Location: Minneapolis, Minnesota USA
Posts: 289
Status: 
Offline
Kim,
'What you describe' indicates the rings are the cause of your smoke problem.

If you disassemble the engine again, then take advantage of the opportunity to check everything, including the valve stem to guide clearances. Removing and rebuilding the engine is too much work to do it over and over, always going in with your blinders on and looking for just one thing. If you open the engine, then check everything.

Last edited on 04-25-2015 04:59 pm by Esprit2

Esprit2
Member
 

Joined: 05-01-2005
Location: Minneapolis, Minnesota USA
Posts: 289
Status: 
Offline
The rings should not be gapped to a 'minimum', and there's such a thing as too tight. Each type of ring will have a specified gap 'range', so follow the manufacturer's instructions and make certain the gaps are within that range.

The engine is 40+ years old, so it's likely the rings you get from a J-H or Lotus specialist will be aftermarket alternatives, and not factory OEM rings. 'IF'the rings are anything other than factory OEM, then ignore the J-H manual and follow the installation instructions that come with the rings with regards to gap, side clearances, and ring orientation.

Check the piston to liner clearance.

The bore should have a pronounced 45 degree cross-hatch. The rings depend upon a good cross-hatch to wear-in and seal against the liner. If the cross-hatch is original and worn smooth, then the rings may take 'forever' to bed-in.

Don't use synthetic oil in a freshly rebuilt engine. It's too slippery, and it will inhibit the rings' ability to bed-in. Use a mineral oil during the break-in period, then (if you wish) switch to a synthetic at a later date.

Last edited on 04-25-2015 07:02 pm by Esprit2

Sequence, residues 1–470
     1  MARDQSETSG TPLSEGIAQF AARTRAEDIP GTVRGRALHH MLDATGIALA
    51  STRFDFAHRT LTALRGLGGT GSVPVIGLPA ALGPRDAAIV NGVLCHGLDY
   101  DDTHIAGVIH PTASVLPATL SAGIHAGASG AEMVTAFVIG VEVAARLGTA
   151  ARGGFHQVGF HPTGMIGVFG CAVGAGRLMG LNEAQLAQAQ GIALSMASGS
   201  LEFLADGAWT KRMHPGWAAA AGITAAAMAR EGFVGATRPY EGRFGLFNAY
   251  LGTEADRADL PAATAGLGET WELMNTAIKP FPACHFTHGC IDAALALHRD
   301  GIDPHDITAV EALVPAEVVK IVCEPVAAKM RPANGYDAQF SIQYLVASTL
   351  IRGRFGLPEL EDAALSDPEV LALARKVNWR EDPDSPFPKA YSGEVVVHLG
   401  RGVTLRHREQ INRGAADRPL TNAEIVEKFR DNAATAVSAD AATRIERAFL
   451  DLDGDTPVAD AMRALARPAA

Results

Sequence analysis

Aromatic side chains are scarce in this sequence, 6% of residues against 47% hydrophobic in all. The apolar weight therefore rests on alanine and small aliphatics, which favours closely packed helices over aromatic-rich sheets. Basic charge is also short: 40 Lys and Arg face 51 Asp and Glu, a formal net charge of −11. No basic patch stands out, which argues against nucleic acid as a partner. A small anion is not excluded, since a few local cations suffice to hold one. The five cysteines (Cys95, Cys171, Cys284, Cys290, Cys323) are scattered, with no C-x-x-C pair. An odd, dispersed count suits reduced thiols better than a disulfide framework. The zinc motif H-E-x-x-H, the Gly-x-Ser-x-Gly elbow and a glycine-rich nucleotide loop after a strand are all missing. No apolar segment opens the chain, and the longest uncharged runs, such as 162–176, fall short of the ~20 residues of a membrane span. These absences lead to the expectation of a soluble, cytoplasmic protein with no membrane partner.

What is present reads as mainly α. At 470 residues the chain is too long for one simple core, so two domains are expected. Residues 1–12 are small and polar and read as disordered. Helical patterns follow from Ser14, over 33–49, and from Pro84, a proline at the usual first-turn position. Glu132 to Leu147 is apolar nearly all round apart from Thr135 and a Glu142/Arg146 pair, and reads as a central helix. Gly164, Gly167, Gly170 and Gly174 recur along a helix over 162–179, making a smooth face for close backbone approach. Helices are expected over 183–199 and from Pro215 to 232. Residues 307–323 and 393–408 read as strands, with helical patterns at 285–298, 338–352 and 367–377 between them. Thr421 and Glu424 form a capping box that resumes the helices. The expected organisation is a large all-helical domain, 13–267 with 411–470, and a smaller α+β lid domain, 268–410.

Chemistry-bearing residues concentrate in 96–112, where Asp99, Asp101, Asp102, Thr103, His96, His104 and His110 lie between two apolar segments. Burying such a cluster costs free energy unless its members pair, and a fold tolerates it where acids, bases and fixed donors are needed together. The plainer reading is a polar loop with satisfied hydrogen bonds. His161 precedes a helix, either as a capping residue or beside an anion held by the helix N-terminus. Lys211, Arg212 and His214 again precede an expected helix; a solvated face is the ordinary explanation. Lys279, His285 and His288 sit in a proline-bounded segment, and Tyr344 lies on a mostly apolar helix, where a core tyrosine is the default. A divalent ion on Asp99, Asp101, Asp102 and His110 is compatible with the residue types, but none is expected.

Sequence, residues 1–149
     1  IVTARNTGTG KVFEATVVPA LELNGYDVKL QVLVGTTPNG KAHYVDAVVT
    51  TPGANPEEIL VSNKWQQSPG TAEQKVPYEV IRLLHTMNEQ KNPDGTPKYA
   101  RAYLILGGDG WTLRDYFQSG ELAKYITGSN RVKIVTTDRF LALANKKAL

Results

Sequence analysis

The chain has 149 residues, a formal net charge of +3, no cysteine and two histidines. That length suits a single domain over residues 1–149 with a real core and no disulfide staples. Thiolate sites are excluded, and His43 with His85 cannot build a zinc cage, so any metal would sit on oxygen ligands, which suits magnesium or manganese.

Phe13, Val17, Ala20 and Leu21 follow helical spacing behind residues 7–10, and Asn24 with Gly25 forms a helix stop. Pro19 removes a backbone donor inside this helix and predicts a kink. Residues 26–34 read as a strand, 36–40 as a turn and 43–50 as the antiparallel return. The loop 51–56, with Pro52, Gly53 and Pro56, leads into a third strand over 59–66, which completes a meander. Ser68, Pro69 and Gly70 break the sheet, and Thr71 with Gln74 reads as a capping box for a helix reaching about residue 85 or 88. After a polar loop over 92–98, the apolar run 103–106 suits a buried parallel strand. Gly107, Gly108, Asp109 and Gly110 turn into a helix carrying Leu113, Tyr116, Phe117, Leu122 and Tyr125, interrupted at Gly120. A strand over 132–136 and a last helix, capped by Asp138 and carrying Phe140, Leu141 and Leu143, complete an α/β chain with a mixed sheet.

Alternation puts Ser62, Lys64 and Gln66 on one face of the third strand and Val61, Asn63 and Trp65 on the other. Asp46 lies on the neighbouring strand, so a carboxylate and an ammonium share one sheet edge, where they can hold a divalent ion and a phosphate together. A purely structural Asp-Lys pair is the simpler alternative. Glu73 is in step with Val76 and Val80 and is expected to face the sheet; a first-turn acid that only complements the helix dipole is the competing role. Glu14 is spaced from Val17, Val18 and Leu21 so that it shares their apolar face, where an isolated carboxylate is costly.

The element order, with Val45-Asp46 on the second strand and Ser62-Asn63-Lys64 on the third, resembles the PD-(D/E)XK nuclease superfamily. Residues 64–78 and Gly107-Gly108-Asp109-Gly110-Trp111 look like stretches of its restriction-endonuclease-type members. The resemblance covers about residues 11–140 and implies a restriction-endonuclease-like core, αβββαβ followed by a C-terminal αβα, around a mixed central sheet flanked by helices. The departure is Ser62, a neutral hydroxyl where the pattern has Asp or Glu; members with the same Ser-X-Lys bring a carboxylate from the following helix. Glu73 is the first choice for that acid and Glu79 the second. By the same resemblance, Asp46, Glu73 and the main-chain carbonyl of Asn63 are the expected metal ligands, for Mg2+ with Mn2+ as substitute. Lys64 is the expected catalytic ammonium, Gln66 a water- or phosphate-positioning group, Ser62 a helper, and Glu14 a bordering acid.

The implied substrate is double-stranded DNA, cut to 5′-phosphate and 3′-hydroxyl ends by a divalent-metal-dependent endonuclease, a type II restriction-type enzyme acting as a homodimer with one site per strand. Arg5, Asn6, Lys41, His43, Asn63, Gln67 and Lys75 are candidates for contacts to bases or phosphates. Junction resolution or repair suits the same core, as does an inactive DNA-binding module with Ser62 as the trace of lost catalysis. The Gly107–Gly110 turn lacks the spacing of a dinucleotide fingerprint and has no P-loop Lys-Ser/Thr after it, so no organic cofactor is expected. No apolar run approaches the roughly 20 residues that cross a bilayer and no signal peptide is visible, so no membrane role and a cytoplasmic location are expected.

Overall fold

Barthol
Member
 

Joined: 10-31-2013
Location: Denmark
Posts: 67
Status: 
Offline
I have opened the engine, and unfortunately the piston to liner clearence is app 0,2 mm which according to the manual is to much.
The liners still have the Honing marks( guess that the guy I bought it from did that)
I defenitely meassures to big a ring gap at the moment , but new rings will as you say be gapped according to the spec received with the rings.
I am reluctant to replace the piston / liners as this is very expensive :-(
How important for the sealing is the Piston to liner wear? Is it not the rings which are doing the sealing ( scraping down the oil.?
Any idea on where to get the pistons if I have to buy new ones, and what types.?


BR
kim

Esprit2
Member
 

Joined: 05-01-2005
Location: Minneapolis, Minnesota USA
Posts: 289
Status: 
Offline
Barthol,

The liner bore is to be measured at 50mm down from top, across the thrust axis
Grade A = 3.7510 - 3.7515" (95.275 - 95.288 mm)
Grade B = 3.7515 - 3.7520" (95.288 - 95.308 mm)

The piston diameter is measured 15.0876 mm (.594") up from skirt's bottom edge, and 90° to the wrist pin bore:
Grade A = 3.7467 / 3.7472" (95.1662 - 95.1789 mm)
Grade B = 3.7472 / 3.7477" (95.1789 - 95.1916 mm)

Piston/ liner clearance is obtained by subtracting the piston OD from the liner ID:
Clearance = 0.004 / 0.005" (0.10 / 0.13 mm)

You report your clearance is 0.00787" (0.2 mm), which is too much.

*~*~*